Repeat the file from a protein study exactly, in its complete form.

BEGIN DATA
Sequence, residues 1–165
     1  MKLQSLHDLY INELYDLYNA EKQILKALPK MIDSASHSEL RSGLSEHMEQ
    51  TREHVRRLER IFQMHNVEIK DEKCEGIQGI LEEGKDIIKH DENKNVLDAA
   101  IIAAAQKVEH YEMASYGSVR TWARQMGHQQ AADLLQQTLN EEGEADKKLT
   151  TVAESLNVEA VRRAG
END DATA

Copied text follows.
Sequence, residues 1–165
     1  MKLQSLHDLY INELYDLYNA EKQILKALPK MIDSASHSEL RSGLSEHMEQ
    51  TREHVRRLER IFQMHNVEIK DEKCEGIQGI LEEGKDIIKH DENKNVLDAA
   101  IIAAAQKVEH YEMASYGSVR TWARQMGHQQ AADLLQQTLN EEGEADKKLT
   151  TVAESLNVEA VRRAG